The demand for California abalone grew steadily. In the 1959 issue of the travel magazine The Big Sur-Morrow Bay to Monterey, the Central Coast was noted for “deep- sea fishing, clamming and abalone. The smaller hamlet of Cayucos, up the coast from Morro Bay by a few miles, is a Mecca for fisherman who are lured by the abundance of abalone and halibut.”

By the time Sam King’s family made the drive along the coast for abalone there remained only a few commercial fisherman licensed to take abalone. Demand from a world market and the regeneration of the sea otter herd depleted the population of this slow glowing shell fish to being endangered in the wild. Commercial abalone fishing closed in 1997. Sport fishing is highly regulated in the allowable limit, what months it can be taken and use (it must be for personal consumption only.) Abalone can no longer be taken south of San Francisco Bay.

Today, if Sam and her family return to Morrow Bay, they can dine happily on abalone once more. In 1968, a small band of researchers developed a method of farm-raising California red abalone. The Abalone Farm is the oldest fishery of its kind in the United States and now the largest in the world, harvesting over a million shells annually. It lies just north of Morro Bay in Cayucos, the very town where Sam’s Aunt Susie had her beach house. I can just see Sam, a regarded professional chef, continuing her family tradition by placing an order with The Abalone Farm and following her grandmother Ella’s method for perfect abalone steaks.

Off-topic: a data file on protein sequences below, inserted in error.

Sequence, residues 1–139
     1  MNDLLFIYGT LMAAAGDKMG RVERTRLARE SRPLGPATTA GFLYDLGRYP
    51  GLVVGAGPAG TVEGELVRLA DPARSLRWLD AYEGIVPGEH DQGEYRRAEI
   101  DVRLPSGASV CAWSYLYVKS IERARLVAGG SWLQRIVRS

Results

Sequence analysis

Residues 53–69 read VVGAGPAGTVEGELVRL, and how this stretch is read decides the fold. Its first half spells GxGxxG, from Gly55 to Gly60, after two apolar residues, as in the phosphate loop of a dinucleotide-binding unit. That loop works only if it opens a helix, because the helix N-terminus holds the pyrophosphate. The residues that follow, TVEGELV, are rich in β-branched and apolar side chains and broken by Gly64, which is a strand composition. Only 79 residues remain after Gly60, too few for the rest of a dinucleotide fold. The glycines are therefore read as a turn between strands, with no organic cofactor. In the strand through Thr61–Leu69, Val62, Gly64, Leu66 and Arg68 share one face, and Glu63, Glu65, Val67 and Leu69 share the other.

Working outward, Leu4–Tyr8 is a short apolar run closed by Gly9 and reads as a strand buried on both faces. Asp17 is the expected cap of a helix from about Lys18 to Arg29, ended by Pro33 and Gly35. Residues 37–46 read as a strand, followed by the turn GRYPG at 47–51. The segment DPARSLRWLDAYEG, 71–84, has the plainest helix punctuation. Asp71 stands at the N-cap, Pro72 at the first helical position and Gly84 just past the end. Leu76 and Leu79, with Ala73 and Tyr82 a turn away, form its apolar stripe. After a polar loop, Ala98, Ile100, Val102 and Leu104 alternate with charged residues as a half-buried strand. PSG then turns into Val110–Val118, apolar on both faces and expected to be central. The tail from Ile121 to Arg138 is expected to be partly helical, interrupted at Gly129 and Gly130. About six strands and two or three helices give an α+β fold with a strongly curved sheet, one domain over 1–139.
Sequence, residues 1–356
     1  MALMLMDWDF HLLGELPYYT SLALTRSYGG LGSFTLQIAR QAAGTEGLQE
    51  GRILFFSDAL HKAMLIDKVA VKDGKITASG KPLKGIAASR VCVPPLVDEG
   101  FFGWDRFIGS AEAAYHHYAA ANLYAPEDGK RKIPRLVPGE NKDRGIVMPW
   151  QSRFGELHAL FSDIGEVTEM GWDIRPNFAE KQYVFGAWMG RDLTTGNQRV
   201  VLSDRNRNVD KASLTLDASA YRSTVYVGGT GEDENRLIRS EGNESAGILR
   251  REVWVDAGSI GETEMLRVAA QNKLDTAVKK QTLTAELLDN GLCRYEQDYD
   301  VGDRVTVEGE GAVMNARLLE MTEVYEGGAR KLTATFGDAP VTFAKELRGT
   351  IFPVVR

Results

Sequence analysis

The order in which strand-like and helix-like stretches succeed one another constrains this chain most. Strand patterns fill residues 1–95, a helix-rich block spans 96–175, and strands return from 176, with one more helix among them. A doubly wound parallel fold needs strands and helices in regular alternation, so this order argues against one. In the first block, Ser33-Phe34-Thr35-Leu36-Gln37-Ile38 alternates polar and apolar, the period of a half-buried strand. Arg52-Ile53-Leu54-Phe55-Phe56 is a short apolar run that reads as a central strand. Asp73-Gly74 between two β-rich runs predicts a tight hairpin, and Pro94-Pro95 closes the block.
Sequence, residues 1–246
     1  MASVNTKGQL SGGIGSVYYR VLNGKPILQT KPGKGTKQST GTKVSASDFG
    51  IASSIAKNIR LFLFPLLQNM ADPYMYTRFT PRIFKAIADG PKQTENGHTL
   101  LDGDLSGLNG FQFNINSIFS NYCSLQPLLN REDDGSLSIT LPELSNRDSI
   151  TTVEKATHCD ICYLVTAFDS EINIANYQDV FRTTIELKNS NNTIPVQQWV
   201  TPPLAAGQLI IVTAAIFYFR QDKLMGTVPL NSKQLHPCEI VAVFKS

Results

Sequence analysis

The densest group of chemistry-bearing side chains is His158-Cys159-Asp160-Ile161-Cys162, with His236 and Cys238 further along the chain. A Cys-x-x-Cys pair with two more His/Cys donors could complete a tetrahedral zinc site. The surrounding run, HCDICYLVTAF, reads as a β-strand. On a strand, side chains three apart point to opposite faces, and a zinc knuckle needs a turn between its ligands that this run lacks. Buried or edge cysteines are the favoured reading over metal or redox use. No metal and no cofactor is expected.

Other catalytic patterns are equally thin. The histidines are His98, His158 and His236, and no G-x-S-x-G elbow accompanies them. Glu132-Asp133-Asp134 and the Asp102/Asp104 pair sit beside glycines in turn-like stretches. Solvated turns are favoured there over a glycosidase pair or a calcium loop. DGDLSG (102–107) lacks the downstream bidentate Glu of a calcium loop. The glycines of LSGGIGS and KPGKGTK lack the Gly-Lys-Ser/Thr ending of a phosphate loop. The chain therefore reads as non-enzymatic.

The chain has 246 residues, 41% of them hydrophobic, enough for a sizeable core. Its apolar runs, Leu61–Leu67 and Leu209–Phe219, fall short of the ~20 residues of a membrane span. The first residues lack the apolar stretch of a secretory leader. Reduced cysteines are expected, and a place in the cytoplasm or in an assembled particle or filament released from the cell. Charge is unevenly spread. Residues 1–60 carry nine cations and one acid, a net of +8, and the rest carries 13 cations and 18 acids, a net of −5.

The following recipe, called Abalone Steaks, gives tips on cooking and purchasing farm raised abalone from sources such as The Abalone Farm:


The Abalone Book: author Peter C. Howorth, Naturgraph Publishers, Inc. Happy Camp, CA  1978

The Big Sur- Yesterday, Today and Tomorrow – Emil White publisher and editor: Vol 5
Library congress cat. Card 54-6244

History of California Abalone

Monterey Bay Aquarium abalone fact sheet

April/May 2008 Edible San Francisco Magazine